Monday, January 3, 2011
Bitter, Sweet. Written by Laura Best. Nimbus Publishing. $10.95 ages 12 and up f
"Pru had no reason to believe that
the police had been sent for them,
but it had been the first thing that
came into her mind when she saw
the strange car parked out by the
road. Besides, Mama had warned
them that this might happen."
In 1940s Nova Scotia life is tough for the Burbridge family. Their father is a dreamer who drinks too much, and can't face life in the logging industry. He has settled his family in an old house, with few neighbors and leaves them with no forwarding address. Mrs Burbridge tries to keep the family afloat; but ill health plagues her and she passes on her wisdom and survival skills to her children before she succumbs to the illness. When she dies, Pru knows they must not let anyone know. She fears that the children will be taken into care, and not be together any longer. They all live in fear of the 'law' knocking on their door.
Mama has taught Drew lessons and told stories that auger well for their success. She warns them that if anyone finds out that she has died, social services will have to step in and take care of them. Her lessons are well-learned and the children are able to keep the family together for a time, even through their father's short and heartbreaking return. When neighbors begin to suspect that things are not right the authorities are called in to check their situation. The older children prolong the conflict in hopes that things will get better. They are brave and committed to keeping the siblings together, after having managed on their own for so long. They pin their hopes on their family friend Reese. It is a sad and painful time for them as they try to honor their late mother's wishes. Finally, they realize they must trust their community and rely on others for help.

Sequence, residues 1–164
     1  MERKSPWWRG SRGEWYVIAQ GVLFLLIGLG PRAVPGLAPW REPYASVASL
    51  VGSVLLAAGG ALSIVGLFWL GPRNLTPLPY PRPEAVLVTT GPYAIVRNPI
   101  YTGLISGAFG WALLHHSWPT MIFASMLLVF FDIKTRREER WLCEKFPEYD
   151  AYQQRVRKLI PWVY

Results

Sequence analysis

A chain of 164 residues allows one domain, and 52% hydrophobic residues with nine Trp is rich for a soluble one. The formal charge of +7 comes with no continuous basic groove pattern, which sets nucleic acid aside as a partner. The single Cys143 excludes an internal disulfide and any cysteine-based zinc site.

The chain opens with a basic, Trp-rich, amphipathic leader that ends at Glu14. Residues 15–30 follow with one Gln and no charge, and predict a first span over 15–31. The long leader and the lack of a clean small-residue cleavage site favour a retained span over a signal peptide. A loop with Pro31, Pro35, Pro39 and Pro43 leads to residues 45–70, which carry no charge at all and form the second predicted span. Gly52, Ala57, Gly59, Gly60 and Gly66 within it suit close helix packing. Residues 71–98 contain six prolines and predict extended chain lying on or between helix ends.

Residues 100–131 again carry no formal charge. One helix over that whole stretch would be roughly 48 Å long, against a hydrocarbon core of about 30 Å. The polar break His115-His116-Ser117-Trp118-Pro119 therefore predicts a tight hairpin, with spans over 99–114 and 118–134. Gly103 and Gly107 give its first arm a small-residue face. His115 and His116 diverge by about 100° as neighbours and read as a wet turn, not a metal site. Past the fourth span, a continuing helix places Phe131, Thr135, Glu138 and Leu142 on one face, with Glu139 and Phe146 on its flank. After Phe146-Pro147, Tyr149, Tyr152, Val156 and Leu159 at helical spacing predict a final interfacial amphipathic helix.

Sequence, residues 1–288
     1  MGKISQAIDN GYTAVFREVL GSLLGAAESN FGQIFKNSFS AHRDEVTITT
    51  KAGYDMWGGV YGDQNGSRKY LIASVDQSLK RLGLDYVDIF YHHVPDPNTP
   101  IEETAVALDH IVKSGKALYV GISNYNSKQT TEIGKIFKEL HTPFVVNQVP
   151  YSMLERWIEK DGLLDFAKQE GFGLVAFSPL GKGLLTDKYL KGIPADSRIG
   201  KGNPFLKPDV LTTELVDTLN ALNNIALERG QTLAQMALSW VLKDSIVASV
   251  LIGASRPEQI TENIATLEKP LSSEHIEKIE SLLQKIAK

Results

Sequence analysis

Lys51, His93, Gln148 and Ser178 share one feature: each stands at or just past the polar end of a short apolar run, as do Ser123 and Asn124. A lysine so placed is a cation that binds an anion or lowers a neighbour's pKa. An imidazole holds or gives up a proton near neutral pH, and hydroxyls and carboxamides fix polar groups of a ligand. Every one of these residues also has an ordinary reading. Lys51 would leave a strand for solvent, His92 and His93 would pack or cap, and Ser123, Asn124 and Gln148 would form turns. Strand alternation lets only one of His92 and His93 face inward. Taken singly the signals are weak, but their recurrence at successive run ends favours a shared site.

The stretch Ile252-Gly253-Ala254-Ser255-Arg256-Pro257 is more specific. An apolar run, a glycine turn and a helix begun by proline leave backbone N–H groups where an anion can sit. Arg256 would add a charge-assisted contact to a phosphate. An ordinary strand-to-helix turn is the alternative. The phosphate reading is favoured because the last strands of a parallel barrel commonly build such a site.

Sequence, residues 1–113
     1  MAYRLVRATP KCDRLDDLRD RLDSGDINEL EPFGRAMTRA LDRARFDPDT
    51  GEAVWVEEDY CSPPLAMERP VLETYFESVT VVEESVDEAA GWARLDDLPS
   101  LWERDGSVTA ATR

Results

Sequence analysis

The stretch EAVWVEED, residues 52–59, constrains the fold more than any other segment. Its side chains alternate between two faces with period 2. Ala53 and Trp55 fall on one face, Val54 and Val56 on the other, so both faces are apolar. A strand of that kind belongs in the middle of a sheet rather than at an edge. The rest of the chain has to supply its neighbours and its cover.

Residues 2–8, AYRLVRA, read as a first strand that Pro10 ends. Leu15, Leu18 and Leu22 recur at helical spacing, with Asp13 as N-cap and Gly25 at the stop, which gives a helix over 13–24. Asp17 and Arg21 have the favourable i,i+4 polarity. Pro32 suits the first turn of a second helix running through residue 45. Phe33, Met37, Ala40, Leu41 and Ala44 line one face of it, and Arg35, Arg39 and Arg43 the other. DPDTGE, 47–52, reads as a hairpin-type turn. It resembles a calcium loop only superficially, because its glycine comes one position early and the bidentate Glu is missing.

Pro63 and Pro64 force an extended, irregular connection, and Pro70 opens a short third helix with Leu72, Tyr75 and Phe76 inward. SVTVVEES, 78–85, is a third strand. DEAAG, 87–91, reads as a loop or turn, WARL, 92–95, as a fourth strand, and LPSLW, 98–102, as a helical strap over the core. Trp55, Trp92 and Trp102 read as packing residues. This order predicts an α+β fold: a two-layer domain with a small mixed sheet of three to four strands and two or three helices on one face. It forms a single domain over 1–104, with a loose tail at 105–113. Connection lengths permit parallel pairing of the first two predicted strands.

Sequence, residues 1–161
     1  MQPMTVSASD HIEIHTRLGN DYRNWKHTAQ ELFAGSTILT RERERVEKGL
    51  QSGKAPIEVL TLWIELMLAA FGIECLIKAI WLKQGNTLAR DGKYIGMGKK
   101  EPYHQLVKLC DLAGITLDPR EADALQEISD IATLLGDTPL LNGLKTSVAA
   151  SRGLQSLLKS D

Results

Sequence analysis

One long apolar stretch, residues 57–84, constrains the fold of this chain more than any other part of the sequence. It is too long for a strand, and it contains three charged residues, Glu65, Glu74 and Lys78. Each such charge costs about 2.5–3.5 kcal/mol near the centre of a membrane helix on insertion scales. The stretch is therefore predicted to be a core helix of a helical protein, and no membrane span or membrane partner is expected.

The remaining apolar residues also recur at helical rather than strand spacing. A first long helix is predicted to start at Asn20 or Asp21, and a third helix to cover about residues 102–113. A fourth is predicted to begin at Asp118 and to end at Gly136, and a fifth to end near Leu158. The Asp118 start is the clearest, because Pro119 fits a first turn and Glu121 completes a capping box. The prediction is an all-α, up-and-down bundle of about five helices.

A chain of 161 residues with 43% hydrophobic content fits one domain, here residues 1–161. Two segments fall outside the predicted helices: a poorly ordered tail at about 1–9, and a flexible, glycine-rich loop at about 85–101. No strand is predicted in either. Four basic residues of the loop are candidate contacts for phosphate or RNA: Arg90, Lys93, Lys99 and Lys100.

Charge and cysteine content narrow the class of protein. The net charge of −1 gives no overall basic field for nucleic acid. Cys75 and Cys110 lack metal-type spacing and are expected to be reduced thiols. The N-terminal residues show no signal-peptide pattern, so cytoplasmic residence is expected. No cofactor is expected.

It is a remarkable story, so well told. Pru is a convincing and honest narrator as the story moves from present to recent events of the past and even to a further past. She follows her mother's brilliant and clear instructions, thinks back on all the events that have led them to this place and time and in the present, does her best to keep her family intact, offering love and support to all. Pru gives a clear picture to the reader of each of her family members, allowing us access to their daily concerns and accomplishments.
It is a book that is impossible to put down once you have begun reading about their journey from happiness to hopelessness, and then back again to happier times for everyone concerned. I also liked the way the author made the Nova Scotia landscape, and community such an integral part of the story.